Monday, January 5, 2009

'Little Clouds' fruit

I have peeled half of the soft leathery skin of the fruit to show its succulent fleshy pulp. In scientific literature the pulpy covering of the seed is called aril. Here the aril resembles remotely
'little clouds' which in Greek is 'nephelium', hence the fruit is called Naphelium lappaceum.
I harvest these from one of the tallest nephelium trees at my farm today. But the tree I selected is unique because it is of the wild species type.
How do you eat the fruit? First remove the skin by twisting with boths hands. Then pop the fleshy white pulp in your mouth. Enjoy. Finally eject the seed.

The tall tree on the right is the fruiting nephelium. Standing at 25 m it must have been there before I was born, probably about 60 years ago.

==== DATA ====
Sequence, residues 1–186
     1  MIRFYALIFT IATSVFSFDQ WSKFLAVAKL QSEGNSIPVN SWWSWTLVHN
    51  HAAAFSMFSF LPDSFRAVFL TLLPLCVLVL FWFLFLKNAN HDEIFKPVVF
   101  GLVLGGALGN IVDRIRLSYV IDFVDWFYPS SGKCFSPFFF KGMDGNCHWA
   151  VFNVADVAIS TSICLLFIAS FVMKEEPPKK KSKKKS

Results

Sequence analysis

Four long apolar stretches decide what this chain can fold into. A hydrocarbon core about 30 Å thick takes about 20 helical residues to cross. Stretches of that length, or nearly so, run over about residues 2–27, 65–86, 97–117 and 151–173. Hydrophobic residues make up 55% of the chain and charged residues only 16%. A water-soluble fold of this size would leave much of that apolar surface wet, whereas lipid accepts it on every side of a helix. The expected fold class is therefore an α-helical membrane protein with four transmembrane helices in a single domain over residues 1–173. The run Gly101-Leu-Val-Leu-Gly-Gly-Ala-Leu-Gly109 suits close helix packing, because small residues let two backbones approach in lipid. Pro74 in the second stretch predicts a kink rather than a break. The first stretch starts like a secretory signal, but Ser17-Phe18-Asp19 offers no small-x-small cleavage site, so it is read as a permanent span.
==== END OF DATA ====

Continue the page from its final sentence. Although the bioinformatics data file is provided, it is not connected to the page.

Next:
Nowadays nephelium trees are much shorter through scientific intervention. Locally nephelium fruits are called 'rambutan' of which the root word 'rambut' in Malay means hairs, referring to the hair-like appearance of the fruit's skin covering which I think is a more apt desription of the fruit. The wild species has an acid sweet taste while its more modern cousins are very much sweeter and of thicker pulp.

Borneo and Indonseia is the original home of the rambutan tree. Our climate here with a rainfall of 3000 mm per year is just perfect. Typical of rainforest trees its leaves have a 'drip tip' structure like its long and elongated tips to enable it to quickly shed water from our torrential downpour. As an added interest, Malaysia exports rambutans to India where they are considered priced wedding gifts. Well I guess it's like the role of grapes and apples in Malaysia as well which are also preferred fruits for wedding gifts.

No comments: